The RiverSmart Communities program combines social and river science, institutional and policy research, and community outreach at the University of Massachusetts Amherst to research and address river floods in New England. It is our vision that river management can restore the environmental integrity of rivers while ensuring that New England communities thrive in a world where floods naturally occur. To make this vision possible, our work aims to help New England’s communities become river-smart.

River-smart: Managing rivers and riverside landscapes, as well as our own actions and expectations, so people and communities are more resilient to river floods. Specifically: reducing flood severity, flood damage, and flood costs by understanding and accommodating the natural dynamics of rivers and river floods.

A key goal is to offer ideas and tools that can be used by people and groups across New England – land and river managers, riverside property owners, policy makers, government agency staff, community leaders, grass-roots activists, and others – so they can creatively build and advocate for systems that work for their own states and communities.

In this website you can find summaries of the many projects included in the RiverSmart Communities program. You can also find educational and outreach materials that may be used to promote sustainable river management in your community.

A house too close to the cut bank

Date: 
Wednesday, October 13, 2021
Watershed: 
RiverSmart Communities' stream table
Description/Comments: 

In October 2021, RiverSmart Communities' stream table visited Fort River Elementary School, to help teach about how rivers work. In this video of the stream table from the view at the water level, we see a natural environment complete with sticks, beavers, and a meandering channel coexisting with houses, roads and bridges. The river naturally undercuts the tall bank (cut bank) on the left side as it meanders. What will happen to the houses built so close to the cliff?

Stream table simulates natural processes and roads

stream table water level view with sticks, beavers, houses, roads
Date: 
Wednesday, October 13, 2021
Watershed: 
RiverSmart Communities' stream table
Latitude: 
42° 22' 33.348" N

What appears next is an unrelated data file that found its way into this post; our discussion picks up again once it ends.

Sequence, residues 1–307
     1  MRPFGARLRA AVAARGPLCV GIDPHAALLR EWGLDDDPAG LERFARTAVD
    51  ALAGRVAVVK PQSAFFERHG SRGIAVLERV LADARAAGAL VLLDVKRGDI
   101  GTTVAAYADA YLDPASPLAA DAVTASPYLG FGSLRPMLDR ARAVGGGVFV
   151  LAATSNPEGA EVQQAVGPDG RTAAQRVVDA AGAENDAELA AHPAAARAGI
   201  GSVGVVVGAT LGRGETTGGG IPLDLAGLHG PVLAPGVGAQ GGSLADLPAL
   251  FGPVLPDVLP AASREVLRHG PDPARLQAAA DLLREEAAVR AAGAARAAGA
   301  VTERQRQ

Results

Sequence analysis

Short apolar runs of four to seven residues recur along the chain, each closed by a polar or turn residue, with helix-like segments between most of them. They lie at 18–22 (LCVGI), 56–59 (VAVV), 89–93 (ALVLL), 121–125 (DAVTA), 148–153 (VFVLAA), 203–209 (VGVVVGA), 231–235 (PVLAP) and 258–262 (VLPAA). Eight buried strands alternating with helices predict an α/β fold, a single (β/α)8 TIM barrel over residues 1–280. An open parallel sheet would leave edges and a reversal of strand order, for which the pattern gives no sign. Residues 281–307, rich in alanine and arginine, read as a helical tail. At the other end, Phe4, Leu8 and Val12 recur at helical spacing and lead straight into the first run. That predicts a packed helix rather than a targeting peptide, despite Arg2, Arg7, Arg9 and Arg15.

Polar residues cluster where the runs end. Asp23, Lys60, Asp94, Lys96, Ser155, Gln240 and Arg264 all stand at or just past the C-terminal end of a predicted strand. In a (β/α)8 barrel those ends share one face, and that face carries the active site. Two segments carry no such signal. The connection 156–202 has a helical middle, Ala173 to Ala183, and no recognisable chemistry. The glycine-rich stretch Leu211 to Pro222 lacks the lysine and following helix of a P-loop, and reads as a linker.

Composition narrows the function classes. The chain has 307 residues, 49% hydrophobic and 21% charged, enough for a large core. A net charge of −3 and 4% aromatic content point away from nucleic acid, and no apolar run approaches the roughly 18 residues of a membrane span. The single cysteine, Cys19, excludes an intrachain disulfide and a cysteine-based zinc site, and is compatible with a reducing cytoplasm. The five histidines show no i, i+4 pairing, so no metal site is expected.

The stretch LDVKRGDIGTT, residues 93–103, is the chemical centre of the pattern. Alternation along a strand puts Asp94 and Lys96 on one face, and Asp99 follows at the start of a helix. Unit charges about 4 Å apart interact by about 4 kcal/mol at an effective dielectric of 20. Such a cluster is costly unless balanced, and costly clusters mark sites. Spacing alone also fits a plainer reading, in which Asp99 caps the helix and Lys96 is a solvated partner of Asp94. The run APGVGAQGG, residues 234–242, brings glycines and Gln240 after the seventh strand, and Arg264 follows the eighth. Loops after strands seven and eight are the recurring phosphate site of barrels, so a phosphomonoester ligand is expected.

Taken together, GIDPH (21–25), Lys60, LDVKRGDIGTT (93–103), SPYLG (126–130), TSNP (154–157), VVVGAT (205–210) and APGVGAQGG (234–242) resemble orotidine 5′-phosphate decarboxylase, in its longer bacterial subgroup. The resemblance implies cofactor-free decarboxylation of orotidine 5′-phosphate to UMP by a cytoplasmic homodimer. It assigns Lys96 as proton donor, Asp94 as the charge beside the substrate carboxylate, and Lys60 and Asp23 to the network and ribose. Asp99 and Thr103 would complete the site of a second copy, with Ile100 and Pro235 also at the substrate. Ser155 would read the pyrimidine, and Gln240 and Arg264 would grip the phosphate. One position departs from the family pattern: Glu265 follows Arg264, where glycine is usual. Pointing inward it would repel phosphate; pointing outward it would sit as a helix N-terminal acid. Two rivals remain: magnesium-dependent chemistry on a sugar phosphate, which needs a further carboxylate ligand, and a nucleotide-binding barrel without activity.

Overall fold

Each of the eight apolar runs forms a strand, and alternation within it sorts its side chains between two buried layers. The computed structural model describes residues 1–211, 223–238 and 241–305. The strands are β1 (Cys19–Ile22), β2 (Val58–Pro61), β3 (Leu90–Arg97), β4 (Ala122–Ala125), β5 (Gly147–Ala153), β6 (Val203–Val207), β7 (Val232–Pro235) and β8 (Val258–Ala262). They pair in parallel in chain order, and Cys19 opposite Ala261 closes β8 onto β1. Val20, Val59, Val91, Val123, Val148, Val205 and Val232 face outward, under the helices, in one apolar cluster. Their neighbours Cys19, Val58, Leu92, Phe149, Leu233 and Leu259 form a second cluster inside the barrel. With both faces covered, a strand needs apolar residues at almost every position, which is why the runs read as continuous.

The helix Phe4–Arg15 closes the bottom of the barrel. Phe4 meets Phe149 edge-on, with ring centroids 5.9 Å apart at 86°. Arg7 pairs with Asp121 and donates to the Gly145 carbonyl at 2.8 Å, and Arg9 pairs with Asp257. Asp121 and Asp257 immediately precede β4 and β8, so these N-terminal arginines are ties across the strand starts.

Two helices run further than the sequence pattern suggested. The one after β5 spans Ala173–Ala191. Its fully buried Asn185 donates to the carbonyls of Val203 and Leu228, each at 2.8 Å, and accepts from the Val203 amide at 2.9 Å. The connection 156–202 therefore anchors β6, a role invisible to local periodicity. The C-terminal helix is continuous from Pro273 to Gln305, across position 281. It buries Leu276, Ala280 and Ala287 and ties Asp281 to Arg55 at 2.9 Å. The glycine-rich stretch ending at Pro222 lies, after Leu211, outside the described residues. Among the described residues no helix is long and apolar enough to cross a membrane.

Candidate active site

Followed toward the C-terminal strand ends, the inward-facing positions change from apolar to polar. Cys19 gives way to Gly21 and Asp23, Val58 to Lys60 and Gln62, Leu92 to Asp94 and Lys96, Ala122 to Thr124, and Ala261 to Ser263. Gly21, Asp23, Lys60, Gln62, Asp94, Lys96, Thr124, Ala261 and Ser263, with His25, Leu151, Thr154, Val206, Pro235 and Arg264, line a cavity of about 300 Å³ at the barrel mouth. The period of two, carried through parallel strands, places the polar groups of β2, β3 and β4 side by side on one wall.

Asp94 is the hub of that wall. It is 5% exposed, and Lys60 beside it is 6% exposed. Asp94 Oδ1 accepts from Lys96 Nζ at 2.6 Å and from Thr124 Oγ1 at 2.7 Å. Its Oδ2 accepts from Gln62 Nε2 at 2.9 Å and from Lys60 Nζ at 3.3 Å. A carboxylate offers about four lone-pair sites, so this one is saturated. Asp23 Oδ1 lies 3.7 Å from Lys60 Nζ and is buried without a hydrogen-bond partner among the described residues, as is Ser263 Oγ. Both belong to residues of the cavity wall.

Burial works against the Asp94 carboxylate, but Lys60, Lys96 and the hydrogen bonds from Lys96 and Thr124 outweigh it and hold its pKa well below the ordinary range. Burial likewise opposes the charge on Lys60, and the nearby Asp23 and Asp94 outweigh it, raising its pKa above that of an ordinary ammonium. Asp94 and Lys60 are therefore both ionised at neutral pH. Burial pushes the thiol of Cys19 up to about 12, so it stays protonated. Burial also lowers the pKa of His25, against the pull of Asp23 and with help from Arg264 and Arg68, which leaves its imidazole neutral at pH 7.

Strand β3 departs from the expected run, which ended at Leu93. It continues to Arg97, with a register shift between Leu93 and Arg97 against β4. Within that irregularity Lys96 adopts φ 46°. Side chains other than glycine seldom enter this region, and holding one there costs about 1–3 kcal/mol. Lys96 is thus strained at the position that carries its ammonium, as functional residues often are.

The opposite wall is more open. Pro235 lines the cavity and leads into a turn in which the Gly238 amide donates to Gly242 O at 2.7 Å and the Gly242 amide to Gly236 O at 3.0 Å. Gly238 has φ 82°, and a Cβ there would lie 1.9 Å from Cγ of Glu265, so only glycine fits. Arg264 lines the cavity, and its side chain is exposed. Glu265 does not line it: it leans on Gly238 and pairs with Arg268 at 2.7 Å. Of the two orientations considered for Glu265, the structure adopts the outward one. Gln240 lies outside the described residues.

Longitude: 
72° 30' 0.252" W
Description/Comments: 

RiverSmart Communities' stream table can be used to teach about how rivers work. In this water level view, we see a natural environment complete with sticks, beavers, and a meandering channel coexisting with houses, roads and bridges.

Beaver wetlands provide habitat for multiple species

Beaver pond with beaver mound and birds
Date: 
Thursday, November 11, 2021
Place name or River name: 
Hop Brook, Lawrence Swamp
Watershed: 
Fort River
Latitude: 
72° 29' 26.52" W
Longitude: 
42° 20' 42.648" N
Description/Comments: 

Wetlands generated by beavers, such as this one along a rail trail in Amherst, MA, provide habitat for multiple species including waterfowl.

After the flood

Small stream and vegetation flattened by floodwaters
Date: 
Thursday, August 5, 2021
Place name or River name: 
Herman Covey Wildlife Management Area
Watershed: 
Swift River
Latitude: 
42°14'53.75" N
Longitude: 
72°20'32.99" W
Description/Comments: 

Unusually intense rains in July 2021 caused a beaver dam breach in Herman Covey Wildlife Management Area in Belchertown. Sediment carried by floodwaters was deposited in a meadow that has, at times, been a beaver pond. Protected areas like these can slow and spread flood waters and lessen damage from extreme events.

Flood deposits after a beaver dam breach

sediment deposited by floodwaters in a meadow
Date: 
Sunday, July 25, 2021
Place name or River name: 
Herman Covey Wildlife Management Area
Watershed: 
Swift River
Latitude: 
42°14'53.75" N
Longitude: